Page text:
Exquisite Corpse is a method of rough assemblage invented by the Surrealists, in which collaborators sequentially string words or pictures together to form a novel whole. If you’re looking for ways to celebrate April as Poetry Month, why not host an Exquisite Corpse Party?
You’ll find that the element of obfuscation is part of the joy, as players are only given partial slices of information or fixed rules as prompts when their turn comes up. Untethered by a view of where the overall composition is headed, each contributor’s imagination is freed to range and roam far beyond the norm. With each rotation, what can’t be seen grows exponentially more intriguing. It’s as if the blinders spur (rather than hinder) creativity. A restricted view serves to break habits by eliminating the distraction of expectation and norm.
Who knew? We featherless bipeds don’t usually like feeling like we’re looking at life through a peep hole. We customarily rage against the unknown, the imperceptible, the inexplicable. The grace of a great poem is that it confesses this weakness and redeems the desire that drives it. The very intangibility of poetic content humanizes both it and us.
Tenderness takes wing in a poem’s white space — in the places where we pause to breathe, oxygenating our own blood with its sounds and sacred rhythms. If you would, please try this. Let’s play our own version of Exquisite Corpse. Listen to some lines from David Sanders’ lovely new collection Compass & Clock. Let them inhabit the white space of your imagination and carry your mind somewhere it hadn’t planned to go.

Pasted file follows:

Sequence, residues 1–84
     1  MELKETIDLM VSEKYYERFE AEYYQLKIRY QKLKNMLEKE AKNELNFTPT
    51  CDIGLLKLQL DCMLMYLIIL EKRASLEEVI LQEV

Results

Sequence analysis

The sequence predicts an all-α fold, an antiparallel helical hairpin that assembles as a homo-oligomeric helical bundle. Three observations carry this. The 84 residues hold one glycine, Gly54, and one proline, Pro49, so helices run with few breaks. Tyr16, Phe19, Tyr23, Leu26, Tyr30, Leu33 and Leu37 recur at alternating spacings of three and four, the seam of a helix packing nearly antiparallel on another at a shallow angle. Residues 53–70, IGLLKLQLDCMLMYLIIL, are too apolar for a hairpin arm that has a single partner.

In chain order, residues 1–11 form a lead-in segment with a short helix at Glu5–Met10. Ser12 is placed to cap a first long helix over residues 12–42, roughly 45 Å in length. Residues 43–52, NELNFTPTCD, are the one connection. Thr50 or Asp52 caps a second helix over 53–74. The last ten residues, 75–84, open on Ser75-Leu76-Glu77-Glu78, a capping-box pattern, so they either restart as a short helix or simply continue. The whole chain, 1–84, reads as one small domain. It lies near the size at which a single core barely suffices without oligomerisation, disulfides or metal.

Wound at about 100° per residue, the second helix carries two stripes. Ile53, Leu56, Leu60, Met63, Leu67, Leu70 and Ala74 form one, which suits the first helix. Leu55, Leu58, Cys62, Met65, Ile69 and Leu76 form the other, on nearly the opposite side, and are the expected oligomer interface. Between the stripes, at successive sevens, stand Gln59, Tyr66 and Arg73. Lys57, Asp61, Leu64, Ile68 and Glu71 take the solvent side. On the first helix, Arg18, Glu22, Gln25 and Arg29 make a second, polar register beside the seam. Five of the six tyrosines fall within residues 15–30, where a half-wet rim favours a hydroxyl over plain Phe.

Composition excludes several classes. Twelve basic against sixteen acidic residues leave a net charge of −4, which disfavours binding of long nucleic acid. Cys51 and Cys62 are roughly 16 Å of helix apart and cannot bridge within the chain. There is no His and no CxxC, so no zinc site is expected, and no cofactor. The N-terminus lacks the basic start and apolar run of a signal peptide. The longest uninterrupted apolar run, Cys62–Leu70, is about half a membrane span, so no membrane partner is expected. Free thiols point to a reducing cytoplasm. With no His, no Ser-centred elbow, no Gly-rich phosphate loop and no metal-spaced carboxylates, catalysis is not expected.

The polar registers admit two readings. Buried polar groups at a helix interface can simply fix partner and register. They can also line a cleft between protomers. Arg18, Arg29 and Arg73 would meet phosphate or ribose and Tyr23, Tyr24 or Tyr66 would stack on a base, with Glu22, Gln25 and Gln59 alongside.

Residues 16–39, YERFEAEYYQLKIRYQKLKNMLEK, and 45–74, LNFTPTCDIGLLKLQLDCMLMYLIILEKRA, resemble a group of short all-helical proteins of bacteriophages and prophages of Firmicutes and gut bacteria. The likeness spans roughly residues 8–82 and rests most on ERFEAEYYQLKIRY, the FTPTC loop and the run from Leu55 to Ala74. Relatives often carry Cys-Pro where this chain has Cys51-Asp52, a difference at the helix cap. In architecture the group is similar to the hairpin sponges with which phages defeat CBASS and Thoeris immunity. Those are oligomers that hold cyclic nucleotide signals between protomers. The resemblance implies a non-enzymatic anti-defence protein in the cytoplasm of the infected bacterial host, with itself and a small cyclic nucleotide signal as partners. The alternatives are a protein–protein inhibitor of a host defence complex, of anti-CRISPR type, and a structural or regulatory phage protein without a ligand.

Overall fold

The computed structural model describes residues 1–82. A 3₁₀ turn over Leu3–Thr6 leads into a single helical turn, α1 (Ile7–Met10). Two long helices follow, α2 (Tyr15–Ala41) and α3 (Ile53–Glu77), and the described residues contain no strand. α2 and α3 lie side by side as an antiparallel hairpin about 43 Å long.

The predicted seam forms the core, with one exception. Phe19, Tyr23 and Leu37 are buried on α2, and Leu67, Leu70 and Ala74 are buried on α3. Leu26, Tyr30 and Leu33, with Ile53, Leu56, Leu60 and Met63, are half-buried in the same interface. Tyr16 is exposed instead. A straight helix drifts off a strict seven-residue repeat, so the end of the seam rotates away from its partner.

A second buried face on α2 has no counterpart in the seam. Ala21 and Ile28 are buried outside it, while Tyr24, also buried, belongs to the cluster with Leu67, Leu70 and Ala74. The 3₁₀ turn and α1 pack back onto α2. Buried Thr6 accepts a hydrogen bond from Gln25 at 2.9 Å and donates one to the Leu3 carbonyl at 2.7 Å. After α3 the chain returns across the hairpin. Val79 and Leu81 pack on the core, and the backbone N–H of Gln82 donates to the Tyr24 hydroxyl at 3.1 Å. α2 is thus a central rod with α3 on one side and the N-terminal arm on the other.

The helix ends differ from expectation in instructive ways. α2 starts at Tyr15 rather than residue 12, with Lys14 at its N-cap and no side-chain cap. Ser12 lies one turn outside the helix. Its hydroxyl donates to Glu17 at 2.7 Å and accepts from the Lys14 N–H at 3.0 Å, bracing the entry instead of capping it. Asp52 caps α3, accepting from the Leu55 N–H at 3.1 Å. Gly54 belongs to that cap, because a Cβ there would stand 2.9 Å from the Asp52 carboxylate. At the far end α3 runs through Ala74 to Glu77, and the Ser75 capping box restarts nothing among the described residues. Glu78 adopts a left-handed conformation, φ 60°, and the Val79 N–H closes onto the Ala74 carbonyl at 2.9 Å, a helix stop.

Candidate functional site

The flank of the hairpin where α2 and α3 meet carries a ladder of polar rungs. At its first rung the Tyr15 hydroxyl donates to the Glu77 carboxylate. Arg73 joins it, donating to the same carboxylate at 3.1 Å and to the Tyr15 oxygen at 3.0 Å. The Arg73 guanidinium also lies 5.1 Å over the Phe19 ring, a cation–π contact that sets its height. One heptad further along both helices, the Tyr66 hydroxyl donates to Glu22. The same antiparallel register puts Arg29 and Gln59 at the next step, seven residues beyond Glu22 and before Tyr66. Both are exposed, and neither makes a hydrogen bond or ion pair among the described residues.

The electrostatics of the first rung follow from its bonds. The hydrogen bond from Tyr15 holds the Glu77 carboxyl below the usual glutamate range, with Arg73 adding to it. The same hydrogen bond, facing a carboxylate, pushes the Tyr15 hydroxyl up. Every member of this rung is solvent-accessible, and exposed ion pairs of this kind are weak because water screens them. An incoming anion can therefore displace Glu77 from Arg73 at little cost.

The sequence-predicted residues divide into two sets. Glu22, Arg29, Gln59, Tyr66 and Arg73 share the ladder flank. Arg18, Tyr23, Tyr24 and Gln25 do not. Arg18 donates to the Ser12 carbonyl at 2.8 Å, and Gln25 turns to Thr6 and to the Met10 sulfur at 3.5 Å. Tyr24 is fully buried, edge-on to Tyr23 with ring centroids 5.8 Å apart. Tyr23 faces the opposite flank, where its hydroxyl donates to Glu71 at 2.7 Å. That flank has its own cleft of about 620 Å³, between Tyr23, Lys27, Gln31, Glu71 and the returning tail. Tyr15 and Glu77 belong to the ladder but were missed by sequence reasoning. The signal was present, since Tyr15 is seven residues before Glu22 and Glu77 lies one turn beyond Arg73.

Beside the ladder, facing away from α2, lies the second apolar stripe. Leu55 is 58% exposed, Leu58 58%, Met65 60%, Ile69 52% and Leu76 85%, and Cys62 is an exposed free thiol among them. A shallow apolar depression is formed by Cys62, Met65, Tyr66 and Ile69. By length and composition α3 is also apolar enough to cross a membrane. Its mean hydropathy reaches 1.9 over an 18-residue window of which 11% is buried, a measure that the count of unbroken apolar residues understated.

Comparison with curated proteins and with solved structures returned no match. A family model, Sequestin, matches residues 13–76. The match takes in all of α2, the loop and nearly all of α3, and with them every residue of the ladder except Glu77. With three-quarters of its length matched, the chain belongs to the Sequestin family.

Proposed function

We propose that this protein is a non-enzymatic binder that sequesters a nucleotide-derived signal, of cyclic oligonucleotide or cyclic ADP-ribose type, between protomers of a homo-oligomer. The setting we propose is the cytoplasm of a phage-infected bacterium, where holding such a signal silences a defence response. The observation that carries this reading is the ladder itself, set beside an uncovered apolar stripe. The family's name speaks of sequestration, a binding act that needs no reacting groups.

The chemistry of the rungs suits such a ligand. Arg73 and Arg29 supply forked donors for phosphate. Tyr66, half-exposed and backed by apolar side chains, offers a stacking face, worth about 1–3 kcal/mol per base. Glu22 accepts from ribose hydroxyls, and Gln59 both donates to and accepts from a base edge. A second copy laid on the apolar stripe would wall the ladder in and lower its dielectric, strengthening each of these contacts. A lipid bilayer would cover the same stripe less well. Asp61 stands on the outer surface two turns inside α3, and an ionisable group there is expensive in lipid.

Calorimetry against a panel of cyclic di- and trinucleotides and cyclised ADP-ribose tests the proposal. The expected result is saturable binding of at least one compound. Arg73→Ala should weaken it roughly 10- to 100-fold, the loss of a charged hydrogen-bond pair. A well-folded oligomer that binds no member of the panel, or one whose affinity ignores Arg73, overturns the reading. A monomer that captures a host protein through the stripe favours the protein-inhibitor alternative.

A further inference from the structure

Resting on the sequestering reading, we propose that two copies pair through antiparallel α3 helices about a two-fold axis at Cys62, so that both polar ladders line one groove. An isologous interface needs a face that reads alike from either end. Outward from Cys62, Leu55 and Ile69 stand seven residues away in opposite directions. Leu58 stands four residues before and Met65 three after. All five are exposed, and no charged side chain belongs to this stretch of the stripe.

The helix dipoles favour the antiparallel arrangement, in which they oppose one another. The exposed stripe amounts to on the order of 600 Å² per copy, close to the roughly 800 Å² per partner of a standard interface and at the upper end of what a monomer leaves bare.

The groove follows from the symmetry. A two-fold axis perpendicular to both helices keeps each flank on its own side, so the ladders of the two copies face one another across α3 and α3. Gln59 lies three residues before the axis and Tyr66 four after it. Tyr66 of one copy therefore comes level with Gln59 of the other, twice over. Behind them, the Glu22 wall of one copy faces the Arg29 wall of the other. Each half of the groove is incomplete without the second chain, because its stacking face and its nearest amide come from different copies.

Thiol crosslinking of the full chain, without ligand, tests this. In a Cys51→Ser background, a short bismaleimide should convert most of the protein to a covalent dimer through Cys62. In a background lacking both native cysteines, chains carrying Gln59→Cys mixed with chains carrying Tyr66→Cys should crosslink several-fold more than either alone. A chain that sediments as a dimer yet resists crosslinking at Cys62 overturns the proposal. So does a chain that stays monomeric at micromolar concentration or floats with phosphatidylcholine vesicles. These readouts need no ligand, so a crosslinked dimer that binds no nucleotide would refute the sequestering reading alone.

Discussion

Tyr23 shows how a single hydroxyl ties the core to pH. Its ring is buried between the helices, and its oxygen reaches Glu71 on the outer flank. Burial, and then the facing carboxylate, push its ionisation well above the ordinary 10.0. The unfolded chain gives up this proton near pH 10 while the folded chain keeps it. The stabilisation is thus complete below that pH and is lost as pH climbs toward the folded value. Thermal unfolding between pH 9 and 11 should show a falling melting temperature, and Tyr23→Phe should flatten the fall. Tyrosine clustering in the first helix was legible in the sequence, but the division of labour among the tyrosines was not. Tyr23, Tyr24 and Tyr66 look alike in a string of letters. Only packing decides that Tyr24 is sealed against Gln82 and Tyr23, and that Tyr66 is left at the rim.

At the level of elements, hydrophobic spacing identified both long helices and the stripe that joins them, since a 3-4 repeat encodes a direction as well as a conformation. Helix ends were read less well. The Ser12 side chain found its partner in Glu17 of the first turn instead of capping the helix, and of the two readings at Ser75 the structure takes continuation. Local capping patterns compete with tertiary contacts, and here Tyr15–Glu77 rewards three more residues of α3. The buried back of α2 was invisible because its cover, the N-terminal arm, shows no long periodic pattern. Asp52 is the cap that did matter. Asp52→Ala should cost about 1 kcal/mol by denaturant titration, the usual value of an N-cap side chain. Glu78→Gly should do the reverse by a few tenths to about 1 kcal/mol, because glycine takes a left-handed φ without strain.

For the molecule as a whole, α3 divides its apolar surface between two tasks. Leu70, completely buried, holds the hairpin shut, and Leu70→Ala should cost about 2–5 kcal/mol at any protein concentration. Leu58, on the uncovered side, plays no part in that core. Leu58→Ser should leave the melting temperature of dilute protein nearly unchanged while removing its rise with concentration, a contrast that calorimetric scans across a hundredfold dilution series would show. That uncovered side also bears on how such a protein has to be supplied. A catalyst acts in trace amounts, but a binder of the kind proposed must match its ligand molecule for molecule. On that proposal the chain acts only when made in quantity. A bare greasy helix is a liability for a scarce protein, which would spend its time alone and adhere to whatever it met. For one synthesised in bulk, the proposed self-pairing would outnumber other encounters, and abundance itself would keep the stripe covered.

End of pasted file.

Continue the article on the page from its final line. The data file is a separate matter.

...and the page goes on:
“The news is brought by a ball of birds— / a molecule gaining number knowing, somehow,” from “The Lake”
“…And she asked, as from another / life, as he sat gazing out, to be taken home” from “He Was Once”
“This is no brilliant, double world / of dreams, only the semblance of one.” from “Day Trip”
Let these nibbles serve as appetizers for part two of your Poetry Month celebration. Don’t deny yourself the full feast of Sanders’ verse. Compass & Clock serves elegant and satisfying poems from the everyday ingredients of human experience. Like Phillip Larkin in The Whitsun Weddings, even the most mundane disappointments and details engender a melancholy that replaces the proclivity to judge with the yen to understand. We need more things in this world that do so.
Take the poem “Dick’s Island”, which contains the image from which the collection takes its name. It describes a couple on bicycles, who’ve come to an island in its high season to see the migration of Monarch butterflies. They encounter a scruffy old-timer whom the tourist board would clearly love to evict from his cluttered home. Rather than succumb quietly to displacement, the man has strewn all the seemingly worthless things he’s spent a lifetime hoarding across the lawn on a main tourist by-way. Amidst this unbidden scene, the couple look up to find the vision they did seek: “….the deliberate orange butterflies, all compass and clock”.
Compass and clock. People have plans. People set deadlines. Old men and young tourists all crave beauty. But, as each human history proves, the expected is not the actual. The poem ends with the couple “straddling for balance” and endeavoring to keep going. The road is only forward, never straight.
The best poetry gestures at corresponding truths beyond surface reality. In a very fine nod to the opening of Vladimir Nabokov’s Pale Fire, the bird of Sanders “Picture Window” crashes into glass, blinded by the false reflection of a cloudless horizon. Generously, Sanders leaves it to us to resuscitate the exquisite corpse of the soaring feathered dreamer from the page, and fill it with new life.
Happy reading, exquisite you.